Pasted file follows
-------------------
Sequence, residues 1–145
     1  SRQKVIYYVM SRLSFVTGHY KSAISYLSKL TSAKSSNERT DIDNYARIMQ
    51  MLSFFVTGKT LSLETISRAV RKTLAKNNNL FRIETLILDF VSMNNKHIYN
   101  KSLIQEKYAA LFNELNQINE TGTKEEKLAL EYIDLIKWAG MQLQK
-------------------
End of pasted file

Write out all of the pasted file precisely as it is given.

Sequence, residues 1–145
     1  SRQKVIYYVM SRLSFVTGHY KSAISYLSKL TSAKSSNERT DIDNYARIMQ
    51  MLSFFVTGKT LSLETISRAV RKTLAKNNNL FRIETLILDF VSMNNKHIYN
   101  KSLIQEKYAA LFNELNQINE TGTKEEKLAL EYIDLIKWAG MQLQK